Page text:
Oregon to allow medical marijuana delivery in areas where sales are banned

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This article originally appeared on Benzinga. 

Medical marijuana will become more accessible to patients in Oregon, as the state's cannabis regulator has introduced rules that expand the places where marijuana can be delivered.

What Happened

The Oregon Liquor Control Commission — the authority responsible for overseeing marijuana in the state — introduced rules that would allow patients to order medical pot and have it delivered even in regions that have banned sales of weed.

In addition, the regulator increased the amount of pot that medical marijuana consumers can buy in one trip from the 1-ounce limit set in August to 8 ounces. 

The OLCC also installed a temporary rule for hemp producers to continue operating following the legalization of the plant under the 2018 Farm Bill signed Thursday by President Donald Trump. Some certificates related to hemp operations would have expired next month.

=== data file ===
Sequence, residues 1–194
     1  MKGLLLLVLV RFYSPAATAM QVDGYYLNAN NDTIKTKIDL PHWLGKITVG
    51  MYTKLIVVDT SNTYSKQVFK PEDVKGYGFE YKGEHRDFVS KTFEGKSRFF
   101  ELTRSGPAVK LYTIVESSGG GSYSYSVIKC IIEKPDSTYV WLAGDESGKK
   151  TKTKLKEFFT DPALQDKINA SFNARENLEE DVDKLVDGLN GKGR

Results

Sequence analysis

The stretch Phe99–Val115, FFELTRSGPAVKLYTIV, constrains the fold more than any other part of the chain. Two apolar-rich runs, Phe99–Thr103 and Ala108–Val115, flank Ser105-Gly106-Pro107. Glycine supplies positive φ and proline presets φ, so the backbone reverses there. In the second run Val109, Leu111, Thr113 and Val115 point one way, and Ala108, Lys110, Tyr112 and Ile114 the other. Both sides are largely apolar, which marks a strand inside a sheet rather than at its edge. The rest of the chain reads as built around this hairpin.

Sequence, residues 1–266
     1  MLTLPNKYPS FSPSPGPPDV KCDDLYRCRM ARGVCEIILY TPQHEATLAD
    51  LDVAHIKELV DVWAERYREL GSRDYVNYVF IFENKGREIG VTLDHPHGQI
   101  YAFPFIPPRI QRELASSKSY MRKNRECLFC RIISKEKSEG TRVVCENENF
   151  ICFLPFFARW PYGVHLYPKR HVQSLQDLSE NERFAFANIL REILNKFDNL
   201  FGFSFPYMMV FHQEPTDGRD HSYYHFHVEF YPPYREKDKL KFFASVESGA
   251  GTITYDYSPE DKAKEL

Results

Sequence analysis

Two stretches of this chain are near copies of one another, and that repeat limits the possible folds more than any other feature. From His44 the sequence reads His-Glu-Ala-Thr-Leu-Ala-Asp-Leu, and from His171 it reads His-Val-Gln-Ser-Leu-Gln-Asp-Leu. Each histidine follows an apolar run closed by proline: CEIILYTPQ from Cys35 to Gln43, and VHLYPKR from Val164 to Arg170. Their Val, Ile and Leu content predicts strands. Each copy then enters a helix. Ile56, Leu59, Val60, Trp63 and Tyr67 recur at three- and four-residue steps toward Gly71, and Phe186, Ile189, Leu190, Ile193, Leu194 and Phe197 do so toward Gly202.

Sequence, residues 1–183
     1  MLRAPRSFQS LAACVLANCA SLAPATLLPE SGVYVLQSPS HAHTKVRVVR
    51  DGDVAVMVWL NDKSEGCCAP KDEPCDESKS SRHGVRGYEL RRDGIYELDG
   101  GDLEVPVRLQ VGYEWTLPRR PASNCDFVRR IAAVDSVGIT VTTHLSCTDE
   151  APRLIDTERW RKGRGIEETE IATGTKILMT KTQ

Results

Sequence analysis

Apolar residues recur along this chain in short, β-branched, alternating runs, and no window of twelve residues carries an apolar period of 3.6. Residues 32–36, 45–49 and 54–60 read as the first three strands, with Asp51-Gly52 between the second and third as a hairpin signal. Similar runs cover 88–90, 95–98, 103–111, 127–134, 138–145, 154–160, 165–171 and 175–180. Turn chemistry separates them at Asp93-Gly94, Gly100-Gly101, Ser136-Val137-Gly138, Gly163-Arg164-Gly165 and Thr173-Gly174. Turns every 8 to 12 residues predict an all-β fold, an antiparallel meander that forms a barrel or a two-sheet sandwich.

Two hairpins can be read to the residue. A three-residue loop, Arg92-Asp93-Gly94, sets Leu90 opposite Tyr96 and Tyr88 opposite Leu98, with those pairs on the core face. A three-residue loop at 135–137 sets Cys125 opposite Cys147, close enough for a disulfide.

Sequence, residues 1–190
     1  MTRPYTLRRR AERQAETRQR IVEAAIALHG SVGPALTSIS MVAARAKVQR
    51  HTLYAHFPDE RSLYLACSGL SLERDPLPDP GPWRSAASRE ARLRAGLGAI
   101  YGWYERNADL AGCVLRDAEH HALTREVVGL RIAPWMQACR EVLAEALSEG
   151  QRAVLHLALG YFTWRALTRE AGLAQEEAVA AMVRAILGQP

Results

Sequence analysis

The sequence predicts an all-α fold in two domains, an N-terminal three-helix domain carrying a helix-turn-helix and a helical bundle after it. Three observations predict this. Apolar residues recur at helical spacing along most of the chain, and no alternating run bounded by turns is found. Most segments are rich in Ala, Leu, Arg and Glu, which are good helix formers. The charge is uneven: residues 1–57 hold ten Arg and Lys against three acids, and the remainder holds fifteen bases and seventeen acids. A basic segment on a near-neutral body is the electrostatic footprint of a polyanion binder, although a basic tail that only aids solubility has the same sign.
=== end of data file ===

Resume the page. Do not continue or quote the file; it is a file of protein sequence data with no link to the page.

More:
Why It's Important

The new rules should significantly simplify the lives of medical marijuana patients in Oregon. The ban on sales in certain regions and the 1-ounce limit had forced some patients or their caregivers to travel across the state multiple times.

The number of medical marijuana consumers in Oregon is estimated at around 50,000. The state became one of the first to decriminalize possession of small quantities of weed, and in 1998 it became one of the first states to legalize marijuana for medical use.

The new medical marijuana rules take effect Dec. 28. Work is underway on permanent rules and regulations concerning hemp and CBD products that are expected in February.

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